• I use VC2005 and i think it's great. But sometimes, when i try to reach a class through

    the ...in italian is called "Visualizzatore classi", i think it's the class visualizer.. anyway, when i try to reach a class, the intellisense rebuild the tree and i can't reach the class until it's done. if it's possible i think is better to turn off the rebuild of the tree when there is the focus.

  • Agreed, if there's one thing you could do, if you find out that it is not going to be possible to redo the feature from scratch by the VC10 timeframe, is to bring back the pre-built NCB files (at least as an option)

  • While I also appreciate the speed of pre-built NCB files, I think they constitute an obsolete approach.

    Case in point: right now I'm working with an MFC project in Orcas. If I type in

    ::CreateWindow

    IntelliSense will display: #define CreateWindow CreateWindowA

    If I switch my project's properties to Unicode and rebuild, then IntelliSense will instead show #define CreateWindow CreateWindowW

    Pretty neat and not easily obtained with prebuilt NCBs, I think.

    To give my 2 cents of ideas, isn't it possible to borrow some ideas from the explorer? I'm thinking of in later releases of Windows, when browsing a directory on a file server, first the files are displayed with a neutral icon, and then later on they are redrawn with their correct icons.

    So, instead of do a fullblown compilation of say, windows.h, wouldn't it be possible to introduce some kind of "skim" or "lite" compilation, just to list the symbols. Never mind function arguments and return flavors. Those could be parsed at a later time, when the user types in that function call etc. Sort of "just in time" Intellisense compilation :-)

  • > If I type in

    > ::CreateWindow

    > IntelliSense will display:

    > #define CreateWindow CreateWindowA

    which tells us zip about the parameters that we have to type next.

    > If I switch my project's properties to Unicode and rebuild, then IntelliSense will instead show

    > #define CreateWindow CreateWindowW

    which tells us zip about the parameters that we have to type next.

    This is exactly one of the reasons why prebuilt NCBs are useful.  They can tell us the parameters that we have to type next.

    If designed properly, prebuilt NCBs can even tell us things like LPTSTR instead of whichever underlying type it maps to in the present environment.  For functions like WideCharToMultiByte or gethostname we want to be told when a parameter really has to be an LPSTR (never Unicode), an LPWSTR (never ANSI), or LPTSTR (has to match the present environment).  Do you really consider that to be too intelligent or sensible?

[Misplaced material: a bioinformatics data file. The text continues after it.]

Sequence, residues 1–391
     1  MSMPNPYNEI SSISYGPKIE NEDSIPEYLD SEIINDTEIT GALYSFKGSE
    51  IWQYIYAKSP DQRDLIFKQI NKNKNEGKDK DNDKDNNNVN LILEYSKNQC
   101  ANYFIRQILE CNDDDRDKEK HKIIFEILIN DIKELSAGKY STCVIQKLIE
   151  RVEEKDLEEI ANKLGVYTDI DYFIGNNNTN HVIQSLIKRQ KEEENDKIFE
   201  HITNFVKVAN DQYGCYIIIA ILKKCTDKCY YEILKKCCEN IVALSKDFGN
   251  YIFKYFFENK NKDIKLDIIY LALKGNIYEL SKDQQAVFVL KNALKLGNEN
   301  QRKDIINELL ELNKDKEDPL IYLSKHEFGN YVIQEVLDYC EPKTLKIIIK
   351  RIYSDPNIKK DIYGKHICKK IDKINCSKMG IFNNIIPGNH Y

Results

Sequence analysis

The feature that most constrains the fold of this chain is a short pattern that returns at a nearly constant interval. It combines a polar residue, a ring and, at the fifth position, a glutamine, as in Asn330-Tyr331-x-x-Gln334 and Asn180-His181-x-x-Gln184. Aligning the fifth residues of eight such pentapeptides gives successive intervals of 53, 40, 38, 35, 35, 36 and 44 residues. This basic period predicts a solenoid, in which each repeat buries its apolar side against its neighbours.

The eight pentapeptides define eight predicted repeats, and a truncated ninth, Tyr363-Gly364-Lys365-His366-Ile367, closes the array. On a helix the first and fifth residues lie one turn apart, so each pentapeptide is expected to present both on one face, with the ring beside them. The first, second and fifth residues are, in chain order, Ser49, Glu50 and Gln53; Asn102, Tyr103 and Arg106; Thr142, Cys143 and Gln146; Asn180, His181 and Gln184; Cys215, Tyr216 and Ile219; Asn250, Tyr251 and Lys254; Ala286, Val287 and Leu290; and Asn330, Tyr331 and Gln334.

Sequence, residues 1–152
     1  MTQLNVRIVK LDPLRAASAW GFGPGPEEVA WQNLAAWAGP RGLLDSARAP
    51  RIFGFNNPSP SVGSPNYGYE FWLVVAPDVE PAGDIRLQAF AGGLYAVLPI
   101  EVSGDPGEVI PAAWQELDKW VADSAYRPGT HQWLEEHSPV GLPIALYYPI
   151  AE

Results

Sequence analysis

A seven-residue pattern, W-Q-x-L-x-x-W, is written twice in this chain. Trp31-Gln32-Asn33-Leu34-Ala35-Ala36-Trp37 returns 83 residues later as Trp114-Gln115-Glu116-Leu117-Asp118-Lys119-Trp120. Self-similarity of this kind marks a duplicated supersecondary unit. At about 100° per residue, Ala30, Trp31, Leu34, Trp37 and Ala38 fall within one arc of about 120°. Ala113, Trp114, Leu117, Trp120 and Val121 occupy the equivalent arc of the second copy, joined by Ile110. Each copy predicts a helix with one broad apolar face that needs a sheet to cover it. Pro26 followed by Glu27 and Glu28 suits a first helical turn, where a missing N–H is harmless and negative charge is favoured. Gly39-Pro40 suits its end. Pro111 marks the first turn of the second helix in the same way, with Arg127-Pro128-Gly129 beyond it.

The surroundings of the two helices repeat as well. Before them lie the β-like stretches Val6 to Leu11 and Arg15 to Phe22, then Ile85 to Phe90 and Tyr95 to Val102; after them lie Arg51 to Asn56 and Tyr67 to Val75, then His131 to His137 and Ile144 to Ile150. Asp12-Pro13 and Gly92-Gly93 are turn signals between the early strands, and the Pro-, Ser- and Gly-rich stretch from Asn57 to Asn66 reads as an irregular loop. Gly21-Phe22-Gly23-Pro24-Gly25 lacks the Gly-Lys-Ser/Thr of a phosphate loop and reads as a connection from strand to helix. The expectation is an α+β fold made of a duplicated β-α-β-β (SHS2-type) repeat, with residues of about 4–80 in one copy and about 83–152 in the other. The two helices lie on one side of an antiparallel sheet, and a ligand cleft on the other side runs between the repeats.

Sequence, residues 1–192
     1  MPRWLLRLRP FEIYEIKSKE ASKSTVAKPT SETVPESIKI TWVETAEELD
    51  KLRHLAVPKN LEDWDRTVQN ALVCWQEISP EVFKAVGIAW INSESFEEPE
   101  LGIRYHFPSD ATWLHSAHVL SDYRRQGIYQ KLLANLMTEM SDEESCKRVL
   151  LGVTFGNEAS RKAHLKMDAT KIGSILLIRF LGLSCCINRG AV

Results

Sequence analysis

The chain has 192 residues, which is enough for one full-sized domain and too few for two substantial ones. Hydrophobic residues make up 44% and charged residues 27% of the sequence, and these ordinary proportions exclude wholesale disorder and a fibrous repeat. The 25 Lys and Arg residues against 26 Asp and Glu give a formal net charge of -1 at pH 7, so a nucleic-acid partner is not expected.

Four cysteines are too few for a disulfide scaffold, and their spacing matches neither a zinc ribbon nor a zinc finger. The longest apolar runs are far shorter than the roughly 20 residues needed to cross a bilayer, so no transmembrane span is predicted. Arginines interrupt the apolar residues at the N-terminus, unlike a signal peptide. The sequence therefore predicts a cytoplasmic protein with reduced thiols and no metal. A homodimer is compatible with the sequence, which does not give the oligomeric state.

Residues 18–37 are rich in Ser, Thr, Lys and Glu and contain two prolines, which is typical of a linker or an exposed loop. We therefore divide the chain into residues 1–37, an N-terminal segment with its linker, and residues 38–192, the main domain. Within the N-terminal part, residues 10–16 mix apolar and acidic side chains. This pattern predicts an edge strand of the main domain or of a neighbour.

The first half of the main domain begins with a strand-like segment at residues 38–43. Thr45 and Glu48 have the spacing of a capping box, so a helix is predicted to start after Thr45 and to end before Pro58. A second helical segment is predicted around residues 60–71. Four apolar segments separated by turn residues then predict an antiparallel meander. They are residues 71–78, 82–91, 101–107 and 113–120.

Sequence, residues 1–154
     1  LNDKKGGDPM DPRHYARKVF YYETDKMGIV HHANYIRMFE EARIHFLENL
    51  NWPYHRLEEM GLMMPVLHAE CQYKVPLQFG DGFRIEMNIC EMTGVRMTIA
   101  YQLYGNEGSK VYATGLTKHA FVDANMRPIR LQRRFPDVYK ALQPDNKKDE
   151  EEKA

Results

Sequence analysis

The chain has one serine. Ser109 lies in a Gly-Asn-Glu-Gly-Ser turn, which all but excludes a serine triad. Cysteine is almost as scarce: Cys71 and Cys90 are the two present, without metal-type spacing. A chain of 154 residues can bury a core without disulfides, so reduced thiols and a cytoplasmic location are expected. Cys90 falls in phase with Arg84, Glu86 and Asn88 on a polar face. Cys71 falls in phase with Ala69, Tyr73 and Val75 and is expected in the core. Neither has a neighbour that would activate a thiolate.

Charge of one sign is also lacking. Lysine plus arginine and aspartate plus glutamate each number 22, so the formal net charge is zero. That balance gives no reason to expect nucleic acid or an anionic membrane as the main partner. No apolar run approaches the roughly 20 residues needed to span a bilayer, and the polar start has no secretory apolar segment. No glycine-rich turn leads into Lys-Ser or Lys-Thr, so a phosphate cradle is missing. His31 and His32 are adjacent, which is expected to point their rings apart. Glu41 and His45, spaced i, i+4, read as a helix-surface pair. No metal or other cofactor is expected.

• Oh here we go.  I experimented with converting a Visual Studio 2005 SP1 solution to Visual Studio 2008, and the very first failure is Intellisense.

    '{AECA1A9A-4E97-4879-999A-2FC44788878F}' ('指定されたファイルが見つかりません。') からメタデータを読み取る際に問題が発生しました。ソリューションが再度読み込まれるまで、IntelliSense が正常に動作しない可能性があります。

    I closed the Visual Studio 2008 window, and then in Explorer I double-clicked the newly converted .sln file.  Doesn't this force the solution to be reread?  But the very same Intellisense error was repeated.  Also every time I switch between Debug and Release, it repeats again.

  • After becomming frustrated with VC2005's intellisense, I got a copy of Visual Assist X which was a vast improvement, in my opinion. That said, I recently switched to VC2008 (w/o VAX) and it seems a lot better. Its intellisense deals with my Boost.Test based projects (or similar apps whose structure is almost completely defined using macros) much better than either VC2005 or VAX ever did. You're definately getting there guys - bring on VC10!

  • Unfortunately, according to my experience, 2008's intellisense for C++ is still as useless as 2005's or 2003's. Actually, all I expect now from VC10 is a switch to turn the built-in intellisense off without having to delete feacp.dll :)

    For now, we are just stuck to VAX... Though it is not infallible, at least it does the job.

  • Hi, Jim Springfield again. This post covers our current work to fundamentally change how we implement

  • Hi, Jim Springfield again. This post covers our current work to fundamentally change how we implement

  • My wish list for Visual Studio vNext isn&#39;t that long. The things I would like to see in Visual Studio

  • My wish list for Visual Studio vNext isn't that long. The things I would like to see in Visual Studio

  • 大家好,我是Jim Springfield. 我要开始解释我们的计划,关于从根本上改变C / C 的智能感知和代码浏览功能的工作方式。最近vs2005的GDR和vs2008的变化是很重要的,但他们并没有将这些特点的真正实现。这个文章涵盖了这个功能的历史,并帮助我们解释智能感知如何在vc10(VS2008的下一个Release)完成的情况。

  • Hello, I’m Mark Hall, an architect in the Visual C++ group. I wanted to follow up on Jim Springfield’s